From prison my dad didn’t hesitate to tell me what he thought about my pregnancy. “You’re way too young to have a child,” he told me. His attitude upset me so much that it was a year before I could speak to him again. I couldn’t continue to live in his house. Tom left his work on the farm and we moved to Pine Bluffs, Wyoming, where my mother was now living.
            My mom was a big help an support for me as I went through an extremely difficult pregnancy. The severe morning sickness that I experienced before I even knew I was pregnant went on for months. Then an ultrasound test showed a cyst on the baby’s brain. I began to hate myself, thinking that my drug use may have been the cause of it. “You have two weeks to decide whether or not to abort this child,” the doctor told Tom and me. Confronted with such an incredibly tough decision, Tom and I had to come down on the side of life. We decided to see this pregnancy through, whatever the outcome might be. Weekly ultrasounds monitored the cyst until it stopped growing.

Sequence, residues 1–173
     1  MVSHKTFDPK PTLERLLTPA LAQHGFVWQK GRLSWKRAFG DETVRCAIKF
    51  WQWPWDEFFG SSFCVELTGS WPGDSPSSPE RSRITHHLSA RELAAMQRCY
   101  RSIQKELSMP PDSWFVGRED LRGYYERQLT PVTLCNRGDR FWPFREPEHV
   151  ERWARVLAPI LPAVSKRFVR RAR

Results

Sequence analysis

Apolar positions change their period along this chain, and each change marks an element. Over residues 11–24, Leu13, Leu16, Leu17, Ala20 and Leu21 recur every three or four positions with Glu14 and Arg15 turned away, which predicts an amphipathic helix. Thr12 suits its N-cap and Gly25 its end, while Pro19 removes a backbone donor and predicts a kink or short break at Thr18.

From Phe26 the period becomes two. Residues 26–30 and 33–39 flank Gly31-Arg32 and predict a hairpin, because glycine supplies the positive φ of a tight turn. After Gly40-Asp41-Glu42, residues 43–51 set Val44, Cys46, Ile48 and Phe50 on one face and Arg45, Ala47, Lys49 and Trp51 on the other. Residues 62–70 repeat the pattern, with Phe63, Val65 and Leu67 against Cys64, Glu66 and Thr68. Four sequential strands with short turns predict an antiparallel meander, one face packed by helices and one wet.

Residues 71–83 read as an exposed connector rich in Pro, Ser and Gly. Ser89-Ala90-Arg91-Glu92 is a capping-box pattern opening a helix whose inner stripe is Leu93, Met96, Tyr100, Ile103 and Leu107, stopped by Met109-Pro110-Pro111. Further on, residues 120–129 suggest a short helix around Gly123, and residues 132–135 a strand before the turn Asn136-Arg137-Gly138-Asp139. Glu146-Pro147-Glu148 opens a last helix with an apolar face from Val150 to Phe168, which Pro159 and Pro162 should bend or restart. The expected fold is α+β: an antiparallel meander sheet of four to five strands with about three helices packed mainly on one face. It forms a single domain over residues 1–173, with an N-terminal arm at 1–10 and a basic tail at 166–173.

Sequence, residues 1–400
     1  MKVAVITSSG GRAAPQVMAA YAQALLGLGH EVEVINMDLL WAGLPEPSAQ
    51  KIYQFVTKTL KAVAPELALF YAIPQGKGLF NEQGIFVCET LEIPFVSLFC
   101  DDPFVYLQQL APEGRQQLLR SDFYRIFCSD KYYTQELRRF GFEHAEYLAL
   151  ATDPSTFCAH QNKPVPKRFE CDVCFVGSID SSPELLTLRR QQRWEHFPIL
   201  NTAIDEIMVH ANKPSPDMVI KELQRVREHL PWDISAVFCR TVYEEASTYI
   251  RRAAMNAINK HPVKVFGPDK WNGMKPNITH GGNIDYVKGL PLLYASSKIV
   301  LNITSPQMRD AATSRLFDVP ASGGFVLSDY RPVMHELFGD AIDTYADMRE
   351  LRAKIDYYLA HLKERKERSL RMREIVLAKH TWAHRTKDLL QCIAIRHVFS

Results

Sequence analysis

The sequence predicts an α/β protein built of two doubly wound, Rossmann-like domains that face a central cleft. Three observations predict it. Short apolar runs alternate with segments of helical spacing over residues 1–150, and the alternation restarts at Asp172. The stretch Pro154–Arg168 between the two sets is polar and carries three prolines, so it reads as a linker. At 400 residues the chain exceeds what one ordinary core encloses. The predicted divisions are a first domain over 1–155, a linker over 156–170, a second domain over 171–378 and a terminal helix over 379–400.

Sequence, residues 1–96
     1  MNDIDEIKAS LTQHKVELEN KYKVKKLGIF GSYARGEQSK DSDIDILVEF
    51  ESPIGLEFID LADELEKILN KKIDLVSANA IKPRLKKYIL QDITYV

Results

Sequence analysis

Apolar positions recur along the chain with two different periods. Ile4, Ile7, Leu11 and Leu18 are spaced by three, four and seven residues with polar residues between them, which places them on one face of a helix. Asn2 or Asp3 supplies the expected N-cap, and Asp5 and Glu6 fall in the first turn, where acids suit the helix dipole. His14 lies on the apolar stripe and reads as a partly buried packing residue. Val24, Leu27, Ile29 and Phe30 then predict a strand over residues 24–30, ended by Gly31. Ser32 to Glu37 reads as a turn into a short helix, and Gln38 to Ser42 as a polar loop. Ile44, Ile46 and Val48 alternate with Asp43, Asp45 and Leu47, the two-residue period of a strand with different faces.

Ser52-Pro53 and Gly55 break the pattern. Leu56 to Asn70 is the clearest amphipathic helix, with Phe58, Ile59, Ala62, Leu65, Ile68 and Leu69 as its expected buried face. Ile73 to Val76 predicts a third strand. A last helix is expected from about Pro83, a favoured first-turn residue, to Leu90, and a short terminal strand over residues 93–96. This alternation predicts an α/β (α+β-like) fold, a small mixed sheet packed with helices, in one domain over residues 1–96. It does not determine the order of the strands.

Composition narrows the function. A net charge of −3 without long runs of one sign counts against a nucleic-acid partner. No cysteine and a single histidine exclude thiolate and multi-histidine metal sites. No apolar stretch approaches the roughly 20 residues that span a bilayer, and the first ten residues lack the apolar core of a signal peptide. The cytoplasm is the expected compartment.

Eventually the morning sickness eased but at thirty weeks I went into labor. I was given medication and ordered to bed for the rest of my pregnancy. Six weeks later, Jack, a healthy six-pounder, arrived with no abnormalities.
            When Jack was six months old, we were surprised by a second pregnancy. I wasn’t as diligent as I should have been about taking birth control pills. Tom and I knew we wanted more children, so this time we managed the pregnancy more calmly. It was easier for me this time. Lucy arrived after quite a short labor that was without incident.